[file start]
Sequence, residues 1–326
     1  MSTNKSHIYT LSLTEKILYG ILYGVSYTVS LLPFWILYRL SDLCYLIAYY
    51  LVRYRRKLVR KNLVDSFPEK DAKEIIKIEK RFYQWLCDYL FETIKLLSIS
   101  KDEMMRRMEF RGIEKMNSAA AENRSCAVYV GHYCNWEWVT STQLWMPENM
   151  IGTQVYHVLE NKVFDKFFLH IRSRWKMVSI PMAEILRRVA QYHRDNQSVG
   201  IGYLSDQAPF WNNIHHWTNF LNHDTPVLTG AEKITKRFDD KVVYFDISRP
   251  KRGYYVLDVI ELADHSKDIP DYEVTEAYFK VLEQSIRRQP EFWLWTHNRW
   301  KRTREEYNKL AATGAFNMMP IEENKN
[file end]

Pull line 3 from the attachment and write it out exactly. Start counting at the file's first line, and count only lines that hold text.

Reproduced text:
    51  LVRYRRKLVR KNLVDSFPEK DAKEIIKIEK RFYQWLCDYL FETIKLLSIS